Diet and medication can help slow the progression of chronic liver disease in dogs. Therefore, early diagnosis is key, while owner compliance with diet and medication will determine its success. If symptoms worsen to such an extent that your dog cannot function or is in pain anymore, then making the difficult choice to euthanize may become necessary; though this decision will always be painfully personal for both parties involved.
At this stage, the liver has lost most of its functionality and cannot regenerate on its own, whether due to an acute event like ingestion of toxicants or chronic disease and fibrosis. Unfortunately, this phase of canine liver disease often has poor prognosis; however, with careful medications and diagnostic testing by your veterinarian you may still help your dog regain his liver health and enjoy life again!
At the first sign of liver issues in your dog, it is vitally important that they visit a veterinarian immediately in order to give him or her the best chance at recovery and prevent long-term damage to his/her liver.
Early stages of liver disease in dogs will show symptoms such as loss of appetite, vomiting, lethargy and jaundice. A liver biopsy may be needed to confirm a diagnosis and uncover what may be causing the issue; during this procedure your pet will be sedated for comfort and radiographs will be taken of its liver and surrounding organs.
Denamarin can help many dogs with liver disease or damage live long and healthy lives with minimal symptoms for years. Your vet may suggest feeding them a diet with more carbohydrates than proteins to lower ammonia levels in their bloodstream, along with using other treatments like lactulose to bind toxins in their gut, vitamins, or low sodium diets that reduce stress on kidneys.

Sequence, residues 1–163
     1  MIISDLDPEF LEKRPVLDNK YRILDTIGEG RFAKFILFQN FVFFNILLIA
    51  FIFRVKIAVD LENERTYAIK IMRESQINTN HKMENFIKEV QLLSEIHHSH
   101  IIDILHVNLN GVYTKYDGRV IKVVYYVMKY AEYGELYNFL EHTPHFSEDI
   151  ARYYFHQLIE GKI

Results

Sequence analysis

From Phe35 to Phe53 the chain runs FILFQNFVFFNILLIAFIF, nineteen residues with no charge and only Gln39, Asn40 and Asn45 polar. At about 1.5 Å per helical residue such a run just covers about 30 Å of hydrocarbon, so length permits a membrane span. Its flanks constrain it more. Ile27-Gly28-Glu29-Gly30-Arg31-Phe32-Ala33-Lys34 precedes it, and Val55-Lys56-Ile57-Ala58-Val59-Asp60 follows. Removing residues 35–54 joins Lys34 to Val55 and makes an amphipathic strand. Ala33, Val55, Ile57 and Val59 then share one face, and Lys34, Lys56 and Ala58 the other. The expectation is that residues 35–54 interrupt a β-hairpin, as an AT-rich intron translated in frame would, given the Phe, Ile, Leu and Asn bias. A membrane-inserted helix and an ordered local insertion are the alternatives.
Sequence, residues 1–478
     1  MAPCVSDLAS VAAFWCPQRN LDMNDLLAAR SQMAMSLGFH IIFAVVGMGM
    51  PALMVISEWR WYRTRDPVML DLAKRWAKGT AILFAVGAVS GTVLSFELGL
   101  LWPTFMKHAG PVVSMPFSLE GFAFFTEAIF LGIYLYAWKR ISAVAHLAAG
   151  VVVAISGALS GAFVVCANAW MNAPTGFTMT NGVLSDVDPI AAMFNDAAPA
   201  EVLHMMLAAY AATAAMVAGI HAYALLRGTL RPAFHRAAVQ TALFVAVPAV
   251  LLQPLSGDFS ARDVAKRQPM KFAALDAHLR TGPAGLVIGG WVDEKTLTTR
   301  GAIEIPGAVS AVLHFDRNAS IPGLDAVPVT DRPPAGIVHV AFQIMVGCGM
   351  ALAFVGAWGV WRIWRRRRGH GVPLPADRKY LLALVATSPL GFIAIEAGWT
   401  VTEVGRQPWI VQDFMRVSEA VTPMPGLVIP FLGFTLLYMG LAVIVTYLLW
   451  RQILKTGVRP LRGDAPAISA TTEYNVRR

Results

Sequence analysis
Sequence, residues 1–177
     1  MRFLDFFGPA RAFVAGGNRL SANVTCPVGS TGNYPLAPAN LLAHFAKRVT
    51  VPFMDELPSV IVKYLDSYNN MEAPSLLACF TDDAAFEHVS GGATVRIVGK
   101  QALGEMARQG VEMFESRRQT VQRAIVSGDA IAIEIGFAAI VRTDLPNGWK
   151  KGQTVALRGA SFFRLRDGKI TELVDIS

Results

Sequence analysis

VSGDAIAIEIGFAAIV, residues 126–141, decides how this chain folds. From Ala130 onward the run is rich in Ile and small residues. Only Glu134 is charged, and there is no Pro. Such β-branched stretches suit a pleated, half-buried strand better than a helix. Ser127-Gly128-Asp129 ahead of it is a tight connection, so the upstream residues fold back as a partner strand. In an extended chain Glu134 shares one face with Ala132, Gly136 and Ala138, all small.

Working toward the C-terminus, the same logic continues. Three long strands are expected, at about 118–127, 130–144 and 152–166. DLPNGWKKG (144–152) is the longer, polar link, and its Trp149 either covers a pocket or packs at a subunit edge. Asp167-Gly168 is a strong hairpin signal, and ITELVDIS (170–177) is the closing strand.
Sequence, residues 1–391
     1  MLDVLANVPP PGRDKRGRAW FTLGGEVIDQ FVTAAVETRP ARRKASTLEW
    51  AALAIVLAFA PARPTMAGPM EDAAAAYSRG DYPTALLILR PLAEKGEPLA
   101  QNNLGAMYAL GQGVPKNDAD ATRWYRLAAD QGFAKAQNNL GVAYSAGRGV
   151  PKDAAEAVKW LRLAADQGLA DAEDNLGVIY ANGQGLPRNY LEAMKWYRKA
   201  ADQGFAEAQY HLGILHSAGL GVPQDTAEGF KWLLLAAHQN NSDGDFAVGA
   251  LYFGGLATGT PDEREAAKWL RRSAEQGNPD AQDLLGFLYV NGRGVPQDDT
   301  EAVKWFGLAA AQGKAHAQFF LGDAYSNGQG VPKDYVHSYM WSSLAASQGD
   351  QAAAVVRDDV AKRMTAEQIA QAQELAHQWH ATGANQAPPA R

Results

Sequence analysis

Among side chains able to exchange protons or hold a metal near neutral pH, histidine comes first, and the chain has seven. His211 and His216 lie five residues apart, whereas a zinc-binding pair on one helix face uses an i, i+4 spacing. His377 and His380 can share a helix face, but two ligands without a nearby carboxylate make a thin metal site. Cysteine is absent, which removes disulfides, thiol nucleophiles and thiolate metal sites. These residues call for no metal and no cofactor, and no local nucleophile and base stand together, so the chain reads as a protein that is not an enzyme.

Unfortunately, most dogs in the later stages of liver disease will die unless its cause can be addressed and/or eliminated. Therefore it is crucial that everything possible be done to prevent liver disease in your pet in the first place; even with aggressive treatments they usually succumb within days to weeks due to liver failure – early detection and detection are therefore key components to survival.
At its final stage, liver dysfunction becomes irreparable and dogs in this stage may experience symptoms including abdominal distension, vomiting, loss of appetite, lethargy and even neurological disorders like blindness. If this stage has reached your pet, they require immediate veterinary care.
Your vet will try to identify what caused liver disease in your pet and treat that factor directly. If toxins were toxin source, induce vomiting or gastric lavage may be used to ensure no more absorption occurs. They also aim to limit protein consumption so as to avoid raising blood ammonia levels which could potentially lead to neurological issues.
If liver disease is detected early enough, it may be reversed. A healthy liver has an abundance of reserve capacity to replace damaged cells as they die off; so if this disease is caught quickly it’s highly likely your pet will make a full recovery.
But, if the disease progresses to the final stage of cirrhosis, treatment becomes irreversible and vet care can only offer limited help; keep toxins out of their system, manage pain and discomfort effectively and provide comfort in the final weeks or months of their lives.
Vets can prescribe medications to lower ammonia levels, manage your dog’s pain and slow liver damage progression. Furthermore, supportive therapy will be provided so your pet may enjoy his or her final moments with you.
Watching your pet suffer through liver failure is heartbreaking, yet knowing when it is the appropriate time for euthanization will make this difficult decision much simpler for both of you. Regular wellness tests with your vet are the best way to determine when it may be time for this decision – this way they may catch any problems before they progress further into final stages of disease, giving your pup time to enjoy life while making fond memories with you!